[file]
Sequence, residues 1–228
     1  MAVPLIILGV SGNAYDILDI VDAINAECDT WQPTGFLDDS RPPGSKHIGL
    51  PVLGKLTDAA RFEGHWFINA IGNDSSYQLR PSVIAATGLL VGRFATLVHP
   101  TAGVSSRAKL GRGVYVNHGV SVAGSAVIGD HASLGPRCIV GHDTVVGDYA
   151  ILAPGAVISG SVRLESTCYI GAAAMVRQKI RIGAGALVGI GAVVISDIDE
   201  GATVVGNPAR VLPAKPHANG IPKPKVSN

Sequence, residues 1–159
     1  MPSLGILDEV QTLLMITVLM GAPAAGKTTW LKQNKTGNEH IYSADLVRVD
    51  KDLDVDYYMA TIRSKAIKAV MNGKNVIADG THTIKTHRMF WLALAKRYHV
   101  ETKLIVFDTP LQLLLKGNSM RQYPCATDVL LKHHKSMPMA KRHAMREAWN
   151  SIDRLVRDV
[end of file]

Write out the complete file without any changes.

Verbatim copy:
Sequence, residues 1–228
     1  MAVPLIILGV SGNAYDILDI VDAINAECDT WQPTGFLDDS RPPGSKHIGL
    51  PVLGKLTDAA RFEGHWFINA IGNDSSYQLR PSVIAATGLL VGRFATLVHP
   101  TAGVSSRAKL GRGVYVNHGV SVAGSAVIGD HASLGPRCIV GHDTVVGDYA
   151  ILAPGAVISG SVRLESTCYI GAAAMVRQKI RIGAGALVGI GAVVISDIDE
   201  GATVVGNPAR VLPAKPHANG IPKPKVSN

Sequence, residues 1–159
     1  MPSLGILDEV QTLLMITVLM GAPAAGKTTW LKQNKTGNEH IYSADLVRVD
    51  KDLDVDYYMA TIRSKAIKAV MNGKNVIADG THTIKTHRMF WLALAKRYHV
   101  ETKLIVFDTP LQLLLKGNSM RQYPCATDVL LKHHKSMPMA KRHAMREAWN
   151  SIDRLVRDV